State officials will not force most California water districts to reduce water use this year, even as they caution that the five-year drought persists and note that drought-fueled wildfires continue to wreak havoc.
The State Water Resources Control Board in May asked California’s 411 urban water districts to evaluate how much water they would need in the next three years if drought continued – and whether their supplies would meet that demand. Districts that certified their supplies are adequate do not face mandatory water-use cuts. Those with inadequate supplies must set conservation goals proportional to their anticipated shortfall.
About 85 percent of the state’s water districts told the water board that they believe they have adequate supplies to handle continued drought and should not be subject to state-mandated conservation targets, according to results released Tuesday by the water board.
In the Sacramento region, no water supplier will face state-mandated conservation targets, though about half of the region’s districts have set voluntary conservation goals and a few local communities, including Sacramento and Davis, will continue to restrict lawn watering days.
The new localized approach to conservation is a sharp reversal from last year, when a “we’re all in this together” ethos led the state to impose mandatory water-use cuts of 25 percent on average across California compared with 2013. The mandated cuts ranged from 4 percent up to 36 percent, with districts with a history of heavy per capita water use targeted for the biggest cuts.
A relatively normal amount of rain and snowfall in Northern California last winter helped ease drought conditions, but 60 percent of the state remains in severe, extreme or exceptional drought, according to the National Drought Mitigation Center. The state’s reservoirs remain strained, with all but two of the 12 major reservoirs in California below average water depths for this time of year.
Water board Chair Felicia Marcus said the state’s relaxed approach to urban conservation is a response to improved conditions in the north state. But she encouraged Californians to continue to conserve water, even if it’s not mandated.
“It’s a question of degree,” she said. “A bit of relaxation is OK. Abandoning water conservation is not.”
Marcus and other water board officials said the requirements for passing the so-called “stress test” undertaken by water districts were stringent, and should be enough to ensure that the state will not overdraw its urban water supply. If they prove too lax, regulators said, the state is prepared to toughen them.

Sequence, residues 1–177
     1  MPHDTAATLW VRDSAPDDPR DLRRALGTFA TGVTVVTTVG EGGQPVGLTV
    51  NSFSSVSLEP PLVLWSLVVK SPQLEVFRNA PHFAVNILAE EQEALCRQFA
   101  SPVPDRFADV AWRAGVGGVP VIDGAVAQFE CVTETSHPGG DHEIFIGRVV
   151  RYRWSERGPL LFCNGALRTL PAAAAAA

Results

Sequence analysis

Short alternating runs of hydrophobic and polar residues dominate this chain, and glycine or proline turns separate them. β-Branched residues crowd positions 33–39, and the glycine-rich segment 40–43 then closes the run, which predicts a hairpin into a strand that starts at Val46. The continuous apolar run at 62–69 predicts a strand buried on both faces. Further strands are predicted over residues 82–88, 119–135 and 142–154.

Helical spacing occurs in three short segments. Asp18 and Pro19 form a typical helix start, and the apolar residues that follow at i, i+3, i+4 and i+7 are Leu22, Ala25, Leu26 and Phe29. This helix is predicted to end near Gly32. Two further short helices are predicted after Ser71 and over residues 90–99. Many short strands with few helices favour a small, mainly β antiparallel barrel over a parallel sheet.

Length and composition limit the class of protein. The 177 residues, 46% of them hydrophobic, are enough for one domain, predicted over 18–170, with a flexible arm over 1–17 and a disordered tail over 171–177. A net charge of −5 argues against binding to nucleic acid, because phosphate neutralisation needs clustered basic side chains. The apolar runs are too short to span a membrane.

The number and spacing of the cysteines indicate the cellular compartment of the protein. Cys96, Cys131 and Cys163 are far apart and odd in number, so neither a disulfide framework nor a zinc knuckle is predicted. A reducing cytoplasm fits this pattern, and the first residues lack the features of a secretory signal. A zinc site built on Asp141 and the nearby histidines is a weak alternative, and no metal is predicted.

“We’ve got fires going on up and down the state – tremendous impacts,” said Max Gomberg, climate and conservation manager at the State Water Resources Control Board. “We’re still reeling as a state from the impacts of the drought. The water we can conserve in our urban areas is a bulwark against further impacts.”
The stress test results were not audited by state officials. Regulators essentially are relying on the honesty of water districts. “We’re not going to go looking under rocks to see if they are fudging,” Gomberg said. “If someone else does that, we will take a look. Our role is not to be the arbiter except to the extent that there is something that is clearly erroneous.”
Tracy Quinn, a policy analyst with the Natural Resources Defense Council, said her research indicates water districts are overstating the strength of their supplies. She said it is unlikely that almost nine out of 10 water districts would have adequate supply to meet three more years of drought.
“The requirements of the regulations allowed water districts to be overly optimistic,” she said. “The zero percent (conservation targets) we are seeing aren’t real numbers.”
Eliminating mandatory targets for most of urban California is the wrong approach to promoting efficient water use, Quinn said. “My primary concern is the mixed message, the terrible message,” she said. “We are still in this unprecedented drought.”
Of the state’s 411 water districts, just 35 completed the stress test and concluded they would have a shortfall if there were three more years of drought. Most of those will face state-mandated targets under 20 percent. Another 32 districts did not complete the stress test and instead opted to maintain the conservation targets the state imposed for much of the last year. The rest certified their supplies were adequate and will not face state-mandated targets.
Most of the water districts that will continue to face mandated targets are located in the San Joaquin Valley, the Central Coast and the Los Angeles area – areas of the state enduring the most severe drought.
Despite a relatively wet winter and spring, the Sacramento region also remains in drought, with half of the region categorized as being in “severe” drought, according to the National Drought Mitigation Center. Nevertheless, the region has a variety of reliable water supplies and strong water rights that serve as a buffer, said Amy Talbot, water efficiency program manager at the Regional Water Authority. She noted the region’s water districts have made significant infrastructure improvements to ensure that water can move from areas where it is plentiful to areas where it is scarce.
“We are at the top of a watershed,” she said. “The surface water comes directly from the Sierra. We have the flexibility to switch between water supplies.”
Statewide, about 40 percent of urban water districts said they do not need state-imposed conservation targets but have nonetheless imposed voluntary water-use goals on customers, Gomberg said.
In June, the first month without mandated conservation targets, statewide water use went up compared with 2015 but remained well below 2013 levels.
California’s water shortfalls
More than 80 percent of the state is in some level of drought, but only about 70 water districts expect shortfalls if the drought lasts three more years.